Moment 9: Neil Bakes Muffins

I like plots. A lot. And in general I enjoy writing plots. I like creating characters, winding them up, then watching them act out stories. I enjoy treating events like open ended puzzle pieces that I can then mix and match in order to create a larger picture. So whenever I write something in which basically nothing happens it’s always a scary time for me.

There is no way to know what people are going to make of it when your story takes place completely internally. When I, say, take one character and have him inject another character with deadly poison in front of your eyes, I know that this is going to come across in some way or another. At the very least you’ll see the physical motion, you might not be entirely with me as far as what’s going on inside of these characters, but you’ll get something.

If you take away the deadly poison, though, things become very tricky. Then it’s just two characters standing there. And as a writer you have no footing that you can be sure of. For all you know (and all the little voice inside your head tells you) everyone who reads what you’ve written is going to do nothing but ask why you thought watching a guy make muffins then watching that same guy try to sleep was a good idea for a story. Because in “You’re Allowed to Order Take-Out” that’s all that happens, really, as far as the stuff taking place right in front of you. They mess up muffins, they have trouble sleeping. The end.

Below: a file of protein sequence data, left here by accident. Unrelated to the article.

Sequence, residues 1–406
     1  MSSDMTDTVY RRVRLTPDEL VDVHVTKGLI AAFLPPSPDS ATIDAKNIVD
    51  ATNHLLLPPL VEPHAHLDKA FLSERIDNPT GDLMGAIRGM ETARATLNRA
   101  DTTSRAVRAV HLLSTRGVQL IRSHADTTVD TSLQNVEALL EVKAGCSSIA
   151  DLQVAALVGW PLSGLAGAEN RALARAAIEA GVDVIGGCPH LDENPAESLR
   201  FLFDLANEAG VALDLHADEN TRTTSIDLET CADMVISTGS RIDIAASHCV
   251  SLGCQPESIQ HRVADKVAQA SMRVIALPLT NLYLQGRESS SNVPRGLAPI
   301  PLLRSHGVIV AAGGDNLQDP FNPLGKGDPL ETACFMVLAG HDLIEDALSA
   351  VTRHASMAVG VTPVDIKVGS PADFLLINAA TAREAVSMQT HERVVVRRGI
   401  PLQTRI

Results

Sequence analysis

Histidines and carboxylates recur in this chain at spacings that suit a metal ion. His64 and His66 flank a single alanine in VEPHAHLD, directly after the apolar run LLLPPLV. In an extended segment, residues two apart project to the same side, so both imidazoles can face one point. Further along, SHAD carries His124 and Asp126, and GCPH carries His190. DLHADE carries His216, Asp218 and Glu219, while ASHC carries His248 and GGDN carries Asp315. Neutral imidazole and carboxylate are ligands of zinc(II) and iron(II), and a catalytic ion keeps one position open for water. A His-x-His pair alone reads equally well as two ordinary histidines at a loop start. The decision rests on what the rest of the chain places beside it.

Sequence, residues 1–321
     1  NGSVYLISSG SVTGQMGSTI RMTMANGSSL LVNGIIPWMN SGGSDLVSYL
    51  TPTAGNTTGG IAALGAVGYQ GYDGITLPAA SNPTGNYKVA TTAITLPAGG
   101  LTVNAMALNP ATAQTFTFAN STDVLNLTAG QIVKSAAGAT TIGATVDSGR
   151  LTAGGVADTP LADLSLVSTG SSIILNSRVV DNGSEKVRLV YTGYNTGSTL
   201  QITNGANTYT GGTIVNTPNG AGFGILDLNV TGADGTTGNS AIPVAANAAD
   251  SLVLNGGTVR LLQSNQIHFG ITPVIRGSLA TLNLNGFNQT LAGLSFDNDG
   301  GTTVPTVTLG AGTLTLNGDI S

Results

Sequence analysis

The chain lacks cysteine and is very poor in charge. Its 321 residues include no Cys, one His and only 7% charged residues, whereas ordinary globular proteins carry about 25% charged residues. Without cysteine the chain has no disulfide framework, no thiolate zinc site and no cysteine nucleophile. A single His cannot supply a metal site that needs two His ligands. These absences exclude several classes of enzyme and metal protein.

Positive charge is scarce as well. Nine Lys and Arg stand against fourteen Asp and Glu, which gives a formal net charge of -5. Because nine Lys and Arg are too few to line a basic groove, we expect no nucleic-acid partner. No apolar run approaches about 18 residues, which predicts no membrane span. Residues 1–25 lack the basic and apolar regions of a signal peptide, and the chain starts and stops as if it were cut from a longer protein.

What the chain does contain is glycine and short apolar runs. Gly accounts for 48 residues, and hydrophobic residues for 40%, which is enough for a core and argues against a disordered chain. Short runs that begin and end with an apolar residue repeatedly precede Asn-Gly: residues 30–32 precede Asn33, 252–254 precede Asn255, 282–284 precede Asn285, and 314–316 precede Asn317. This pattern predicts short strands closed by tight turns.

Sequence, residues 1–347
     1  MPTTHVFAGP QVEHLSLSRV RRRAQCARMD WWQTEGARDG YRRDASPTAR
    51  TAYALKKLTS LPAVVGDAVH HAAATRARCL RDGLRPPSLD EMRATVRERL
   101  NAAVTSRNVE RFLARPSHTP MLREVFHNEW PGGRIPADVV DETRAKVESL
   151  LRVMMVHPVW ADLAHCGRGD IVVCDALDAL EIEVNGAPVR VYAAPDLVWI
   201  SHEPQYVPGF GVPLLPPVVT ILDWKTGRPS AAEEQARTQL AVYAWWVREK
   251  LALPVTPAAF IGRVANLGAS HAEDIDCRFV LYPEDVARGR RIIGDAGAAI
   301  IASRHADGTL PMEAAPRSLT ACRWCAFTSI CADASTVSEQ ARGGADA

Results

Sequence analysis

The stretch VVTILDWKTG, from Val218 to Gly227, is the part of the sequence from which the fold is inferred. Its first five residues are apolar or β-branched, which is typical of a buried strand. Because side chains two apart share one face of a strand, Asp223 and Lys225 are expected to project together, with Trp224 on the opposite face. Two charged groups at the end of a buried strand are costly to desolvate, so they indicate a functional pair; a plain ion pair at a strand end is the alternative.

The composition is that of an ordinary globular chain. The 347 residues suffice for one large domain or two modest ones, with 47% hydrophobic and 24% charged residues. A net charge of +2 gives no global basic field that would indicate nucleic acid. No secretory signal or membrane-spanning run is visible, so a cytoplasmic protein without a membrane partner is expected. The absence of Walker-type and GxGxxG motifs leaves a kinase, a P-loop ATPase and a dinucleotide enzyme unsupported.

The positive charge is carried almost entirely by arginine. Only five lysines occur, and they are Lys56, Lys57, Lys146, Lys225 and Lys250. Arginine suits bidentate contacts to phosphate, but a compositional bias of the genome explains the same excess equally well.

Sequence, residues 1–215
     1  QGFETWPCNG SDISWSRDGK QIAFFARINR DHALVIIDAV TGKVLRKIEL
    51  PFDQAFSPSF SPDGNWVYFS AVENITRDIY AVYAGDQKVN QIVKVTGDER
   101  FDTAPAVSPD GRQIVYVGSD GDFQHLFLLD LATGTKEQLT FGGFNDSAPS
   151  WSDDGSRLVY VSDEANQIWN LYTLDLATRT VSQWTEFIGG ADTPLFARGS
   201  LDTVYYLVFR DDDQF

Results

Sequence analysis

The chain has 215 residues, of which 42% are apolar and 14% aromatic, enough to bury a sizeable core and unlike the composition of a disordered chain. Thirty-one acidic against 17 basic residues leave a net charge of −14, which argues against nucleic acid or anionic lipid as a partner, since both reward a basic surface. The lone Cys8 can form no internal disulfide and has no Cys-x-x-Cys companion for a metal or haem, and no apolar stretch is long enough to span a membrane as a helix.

But people were more than happy to linger with Neil in a way I never expected and it was touching for me how many of you found it touching yourselves to watch this overwhelmed father struggling with how his new daughter fit into his life while worrying about how he would fit into hers.

So the number nine spot goes to Neil as he drifted off into what I can only hope turned out to be a mouse-free sleep:

And he wondered what time it was, and wondered who else was awake, and wondered what kept the world going at this hour, and wondered if the bagel store down the street made good coffee, and wondered that his new daughter would someday be able to talk to him like Illiam and he wondered if she knew he was here worrying about her in the middle of the night. He lay down on the couch so his head was near the crib and rested a hand on one of the wooden slats, the physical nearness of her a comfort to him, and in a few minutes he fell asleep, his body relaxing deeper and deeper as the rain softly pelted the windows.

Moment 10: Penelope Speaks Gibberish